The demand for energy could be significantly reduced by improving energy efficiency. This would have a double effect: lower costs for consumers, and lower CO2 emissions. This report recommends steps Mali could take towards more energy efficiency.
The growing demand for electricity has a number of implications, principally more frequent power shortages as production fails to meet the increased demand, leading to major investment in additional power stations. This additional electricity production will increase CO2 emissions, contributing to global warming. The demand could be reduced if energy were used more efficiently. Compared with the economic cost of installing new power stations, energy efficiency (EE) is a low-cost alternative for meeting the country's energy needs. What's more, consumers save on their electricity bills and CO2 emissions are reduced.
Minimum Energy Performance Standards (MEPS) and energy efficiency labels are one of the most useful tools for increasing the energy efficiency of products on the market. SMPEs indicate the minimum energy efficiency level of products that can be placed on the market, eliminating the least efficient appliances. Energy labelling informs consumers of the potential energy savings and environmental benefits of choosing more efficient products, thereby increasing sales of the most efficient products and preparing the market for the application of more restrictive standards in the future. In addition, in countries where electricity is fully or partially subsidised by the state, improving the energy efficiency of consumer products will also generate savings for the state, which can be passed on to society through rebate schemes to help consumers buy more efficient products.
To this end, more and more countries are implementing standards and labels around the world, starting with the most energy-intensive products, such as fridges and air conditioners, and then extending to other electrical products.
This report recommends the application of energy efficiency regulations in Mali in a two-stage process:
- application of existing standards and labels as soon as possible and on a mandatory basis,
- updating of standards to a more stringent level by 2026 at the latest, followed by a second update in 2027 for refrigerators and 2028 for domestic air conditioners.
Based on the data collected and international best practice, recommendations are provided for energy efficiency standards and labels for refrigerators and air conditioners. The adoption of advanced energy efficiency standards and the transition to low-GWP refrigerants are necessary to achieve significant greenhouse gas (GHG) reductions. It is recommended that, in addition to the label agreed in the UEMAO framework on the energy efficiency of refrigeration and air-conditioning appliances, the label should also contain information on the refrigerant used, its quantity and its global warming potential (GWP).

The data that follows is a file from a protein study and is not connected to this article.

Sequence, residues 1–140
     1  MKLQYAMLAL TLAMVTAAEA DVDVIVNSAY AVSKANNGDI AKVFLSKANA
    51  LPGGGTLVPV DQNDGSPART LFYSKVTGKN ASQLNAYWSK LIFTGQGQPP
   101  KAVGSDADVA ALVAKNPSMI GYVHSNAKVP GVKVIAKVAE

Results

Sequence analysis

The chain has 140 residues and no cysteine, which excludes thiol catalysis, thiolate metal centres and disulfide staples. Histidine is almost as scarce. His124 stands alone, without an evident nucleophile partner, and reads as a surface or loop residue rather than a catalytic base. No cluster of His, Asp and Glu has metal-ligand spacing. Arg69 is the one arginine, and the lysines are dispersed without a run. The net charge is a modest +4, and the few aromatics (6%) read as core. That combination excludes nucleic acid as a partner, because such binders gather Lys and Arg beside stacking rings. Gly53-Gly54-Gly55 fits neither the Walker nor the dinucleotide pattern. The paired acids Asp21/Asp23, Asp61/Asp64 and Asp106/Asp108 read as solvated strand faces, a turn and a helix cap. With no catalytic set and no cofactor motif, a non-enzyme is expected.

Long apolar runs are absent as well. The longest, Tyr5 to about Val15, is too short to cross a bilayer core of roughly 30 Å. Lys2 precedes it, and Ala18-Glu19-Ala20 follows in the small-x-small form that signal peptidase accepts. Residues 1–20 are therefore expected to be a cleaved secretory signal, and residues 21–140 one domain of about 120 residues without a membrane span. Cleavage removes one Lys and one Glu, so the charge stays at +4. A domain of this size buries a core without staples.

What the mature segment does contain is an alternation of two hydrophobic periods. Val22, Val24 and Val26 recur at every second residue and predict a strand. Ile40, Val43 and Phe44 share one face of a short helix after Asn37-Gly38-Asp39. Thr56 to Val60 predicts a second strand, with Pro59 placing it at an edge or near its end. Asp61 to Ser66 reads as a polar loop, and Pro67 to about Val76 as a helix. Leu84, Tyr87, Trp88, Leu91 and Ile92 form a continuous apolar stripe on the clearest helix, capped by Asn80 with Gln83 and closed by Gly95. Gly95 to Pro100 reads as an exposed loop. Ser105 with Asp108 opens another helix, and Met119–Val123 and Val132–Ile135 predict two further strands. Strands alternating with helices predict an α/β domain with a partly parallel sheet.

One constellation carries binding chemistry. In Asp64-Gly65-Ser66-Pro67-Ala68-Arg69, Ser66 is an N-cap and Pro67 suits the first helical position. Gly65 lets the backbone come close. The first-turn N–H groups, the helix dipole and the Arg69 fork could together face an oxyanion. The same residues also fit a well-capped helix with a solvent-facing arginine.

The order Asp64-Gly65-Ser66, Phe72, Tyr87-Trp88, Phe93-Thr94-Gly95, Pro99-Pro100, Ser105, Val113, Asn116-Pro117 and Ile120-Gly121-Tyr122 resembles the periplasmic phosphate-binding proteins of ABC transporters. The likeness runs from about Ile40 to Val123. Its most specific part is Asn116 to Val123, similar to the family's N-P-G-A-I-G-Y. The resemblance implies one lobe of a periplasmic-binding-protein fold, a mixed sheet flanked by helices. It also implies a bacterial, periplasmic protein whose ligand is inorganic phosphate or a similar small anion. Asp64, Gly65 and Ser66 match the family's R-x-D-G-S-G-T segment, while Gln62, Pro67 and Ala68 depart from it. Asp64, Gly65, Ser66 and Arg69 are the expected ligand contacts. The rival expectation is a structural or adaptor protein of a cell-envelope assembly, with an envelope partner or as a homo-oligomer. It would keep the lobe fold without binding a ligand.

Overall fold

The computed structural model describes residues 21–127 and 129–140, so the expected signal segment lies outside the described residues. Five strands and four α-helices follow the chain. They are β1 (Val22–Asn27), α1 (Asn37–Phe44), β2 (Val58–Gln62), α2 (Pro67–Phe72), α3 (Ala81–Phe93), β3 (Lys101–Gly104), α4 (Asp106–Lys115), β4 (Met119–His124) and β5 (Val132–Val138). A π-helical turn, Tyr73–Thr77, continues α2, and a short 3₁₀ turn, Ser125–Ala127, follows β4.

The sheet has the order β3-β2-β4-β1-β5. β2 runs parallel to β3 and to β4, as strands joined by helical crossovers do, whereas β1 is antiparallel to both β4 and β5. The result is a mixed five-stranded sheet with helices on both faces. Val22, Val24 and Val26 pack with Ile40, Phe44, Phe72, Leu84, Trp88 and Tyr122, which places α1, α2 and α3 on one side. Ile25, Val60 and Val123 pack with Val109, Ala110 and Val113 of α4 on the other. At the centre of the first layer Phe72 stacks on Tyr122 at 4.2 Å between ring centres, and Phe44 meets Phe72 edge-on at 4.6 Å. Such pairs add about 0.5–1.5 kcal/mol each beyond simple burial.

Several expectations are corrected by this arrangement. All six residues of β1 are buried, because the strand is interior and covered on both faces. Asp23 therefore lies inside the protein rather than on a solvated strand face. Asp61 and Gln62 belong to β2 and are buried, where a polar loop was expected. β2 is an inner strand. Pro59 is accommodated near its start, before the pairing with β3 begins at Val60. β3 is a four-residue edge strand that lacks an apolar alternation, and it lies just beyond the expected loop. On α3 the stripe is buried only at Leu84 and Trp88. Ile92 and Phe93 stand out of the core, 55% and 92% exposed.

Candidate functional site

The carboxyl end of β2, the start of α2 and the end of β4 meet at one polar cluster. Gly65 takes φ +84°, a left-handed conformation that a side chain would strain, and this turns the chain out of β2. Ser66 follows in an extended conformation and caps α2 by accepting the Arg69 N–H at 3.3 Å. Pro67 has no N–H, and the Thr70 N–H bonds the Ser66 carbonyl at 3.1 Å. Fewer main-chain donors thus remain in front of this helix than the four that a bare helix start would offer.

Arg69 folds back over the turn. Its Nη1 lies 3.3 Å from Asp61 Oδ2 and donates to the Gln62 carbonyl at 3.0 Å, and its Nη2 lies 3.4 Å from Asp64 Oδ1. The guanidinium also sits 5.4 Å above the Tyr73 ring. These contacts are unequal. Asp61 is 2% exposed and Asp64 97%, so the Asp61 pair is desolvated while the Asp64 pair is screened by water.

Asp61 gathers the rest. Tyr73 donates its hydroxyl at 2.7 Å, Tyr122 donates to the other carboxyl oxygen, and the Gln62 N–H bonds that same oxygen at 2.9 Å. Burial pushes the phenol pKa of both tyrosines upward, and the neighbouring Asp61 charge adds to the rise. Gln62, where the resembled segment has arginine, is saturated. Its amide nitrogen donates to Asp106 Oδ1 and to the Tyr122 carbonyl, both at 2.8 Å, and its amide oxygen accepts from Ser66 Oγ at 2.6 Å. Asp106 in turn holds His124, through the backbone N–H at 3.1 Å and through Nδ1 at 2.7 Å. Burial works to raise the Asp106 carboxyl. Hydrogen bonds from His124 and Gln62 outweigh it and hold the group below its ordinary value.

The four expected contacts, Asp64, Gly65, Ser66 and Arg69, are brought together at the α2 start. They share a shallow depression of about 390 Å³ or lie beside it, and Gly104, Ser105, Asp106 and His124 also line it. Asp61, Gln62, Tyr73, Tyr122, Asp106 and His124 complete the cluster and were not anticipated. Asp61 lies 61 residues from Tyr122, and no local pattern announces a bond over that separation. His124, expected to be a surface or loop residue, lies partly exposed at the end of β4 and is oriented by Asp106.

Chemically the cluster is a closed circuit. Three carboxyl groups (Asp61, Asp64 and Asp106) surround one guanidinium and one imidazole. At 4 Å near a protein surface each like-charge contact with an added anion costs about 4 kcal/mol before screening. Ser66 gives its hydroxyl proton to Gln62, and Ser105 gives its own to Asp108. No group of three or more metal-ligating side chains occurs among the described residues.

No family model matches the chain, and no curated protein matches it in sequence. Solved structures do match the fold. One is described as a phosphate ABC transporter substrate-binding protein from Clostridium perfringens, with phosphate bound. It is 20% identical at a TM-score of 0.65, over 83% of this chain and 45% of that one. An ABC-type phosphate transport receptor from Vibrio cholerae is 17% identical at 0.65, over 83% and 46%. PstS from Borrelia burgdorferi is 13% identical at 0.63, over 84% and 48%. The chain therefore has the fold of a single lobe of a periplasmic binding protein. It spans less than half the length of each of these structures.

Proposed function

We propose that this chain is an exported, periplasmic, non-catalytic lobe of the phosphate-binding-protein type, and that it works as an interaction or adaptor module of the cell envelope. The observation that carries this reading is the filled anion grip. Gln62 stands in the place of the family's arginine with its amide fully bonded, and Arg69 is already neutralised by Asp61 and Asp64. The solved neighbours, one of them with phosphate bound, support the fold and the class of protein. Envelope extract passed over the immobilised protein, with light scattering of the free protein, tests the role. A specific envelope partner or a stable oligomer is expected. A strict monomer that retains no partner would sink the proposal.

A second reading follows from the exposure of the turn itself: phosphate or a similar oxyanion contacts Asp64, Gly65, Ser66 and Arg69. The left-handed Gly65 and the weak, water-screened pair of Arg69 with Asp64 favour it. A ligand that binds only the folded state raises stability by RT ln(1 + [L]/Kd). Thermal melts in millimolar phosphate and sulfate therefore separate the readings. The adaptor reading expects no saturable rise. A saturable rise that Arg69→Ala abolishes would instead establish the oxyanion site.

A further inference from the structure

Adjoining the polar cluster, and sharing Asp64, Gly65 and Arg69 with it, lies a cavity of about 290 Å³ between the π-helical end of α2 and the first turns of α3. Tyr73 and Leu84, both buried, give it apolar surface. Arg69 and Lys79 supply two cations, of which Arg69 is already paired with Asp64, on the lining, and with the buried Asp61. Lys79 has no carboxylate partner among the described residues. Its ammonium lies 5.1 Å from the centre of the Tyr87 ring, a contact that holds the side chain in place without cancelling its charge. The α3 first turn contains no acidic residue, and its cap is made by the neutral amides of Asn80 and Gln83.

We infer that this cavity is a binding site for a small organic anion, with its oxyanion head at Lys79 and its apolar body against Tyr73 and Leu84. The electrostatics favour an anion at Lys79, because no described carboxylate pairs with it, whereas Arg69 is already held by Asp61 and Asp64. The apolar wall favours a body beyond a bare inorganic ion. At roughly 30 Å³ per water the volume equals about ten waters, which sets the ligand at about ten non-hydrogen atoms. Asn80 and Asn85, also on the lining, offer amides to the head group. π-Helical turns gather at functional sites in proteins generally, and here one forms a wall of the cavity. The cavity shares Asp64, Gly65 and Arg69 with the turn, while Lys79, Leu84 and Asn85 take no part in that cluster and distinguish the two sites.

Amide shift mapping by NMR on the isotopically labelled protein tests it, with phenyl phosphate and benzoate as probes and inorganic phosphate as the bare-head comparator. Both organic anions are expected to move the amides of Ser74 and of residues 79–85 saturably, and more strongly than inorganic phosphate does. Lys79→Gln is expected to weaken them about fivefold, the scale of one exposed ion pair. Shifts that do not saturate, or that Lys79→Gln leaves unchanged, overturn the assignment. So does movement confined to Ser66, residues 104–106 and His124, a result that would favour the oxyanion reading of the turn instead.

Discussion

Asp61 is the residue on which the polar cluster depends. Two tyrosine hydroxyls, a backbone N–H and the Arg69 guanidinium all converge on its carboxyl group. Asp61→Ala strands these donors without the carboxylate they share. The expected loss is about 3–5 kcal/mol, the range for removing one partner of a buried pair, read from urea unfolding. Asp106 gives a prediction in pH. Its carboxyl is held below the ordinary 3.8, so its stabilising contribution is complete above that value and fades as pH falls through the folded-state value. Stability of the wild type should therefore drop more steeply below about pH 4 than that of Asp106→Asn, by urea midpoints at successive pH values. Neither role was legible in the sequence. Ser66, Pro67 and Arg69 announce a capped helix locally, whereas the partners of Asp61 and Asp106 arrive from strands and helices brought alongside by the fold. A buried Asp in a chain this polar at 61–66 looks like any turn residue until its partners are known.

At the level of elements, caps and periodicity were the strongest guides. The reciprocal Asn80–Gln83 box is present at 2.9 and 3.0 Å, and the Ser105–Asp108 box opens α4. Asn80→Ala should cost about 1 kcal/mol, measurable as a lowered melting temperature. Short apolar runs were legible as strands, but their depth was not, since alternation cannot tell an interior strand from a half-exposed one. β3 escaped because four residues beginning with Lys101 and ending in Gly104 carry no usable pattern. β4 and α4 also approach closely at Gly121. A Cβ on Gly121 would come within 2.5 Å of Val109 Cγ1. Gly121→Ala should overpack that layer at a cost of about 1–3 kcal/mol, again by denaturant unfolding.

The adoption of increasingly ambitious standards and labels will not result in higher costs for end users. With the expected increase in the cost of electricity in the future, the introduction of energy standards and labels, coupled with stakeholders' understanding of the life-cycle cost analysis of refrigeration and air conditioning products, will lead to energy savings for end-users, which will benefit the Malian economy.
The project ROCA (Refroidissement Respectueux de l’Ozone et du Climat en Afrique de l’Ouest et Centrale) is co-financed by the European Union (EU) and the German Federal Ministry for Economic Cooperation and Development and implemented by GIZ, as a contribution to EU's global initiative "Global Climate Change Alliance (opens in a new window)". The national ozone units and their ministries are the project's main coopearation partners. In Mali, the project is implemented in cooperation with the national department for pollution controle (Direction Nationale de l’Assainissement du Contrôle des Pollutions et des Nuisances (DNACPN)) of the ministry for the environment and sustainable development (Ministère de l’Environnement, de l’Assainissement et du Développement Durable (MEADD)), to which the national ozone bureau belongs.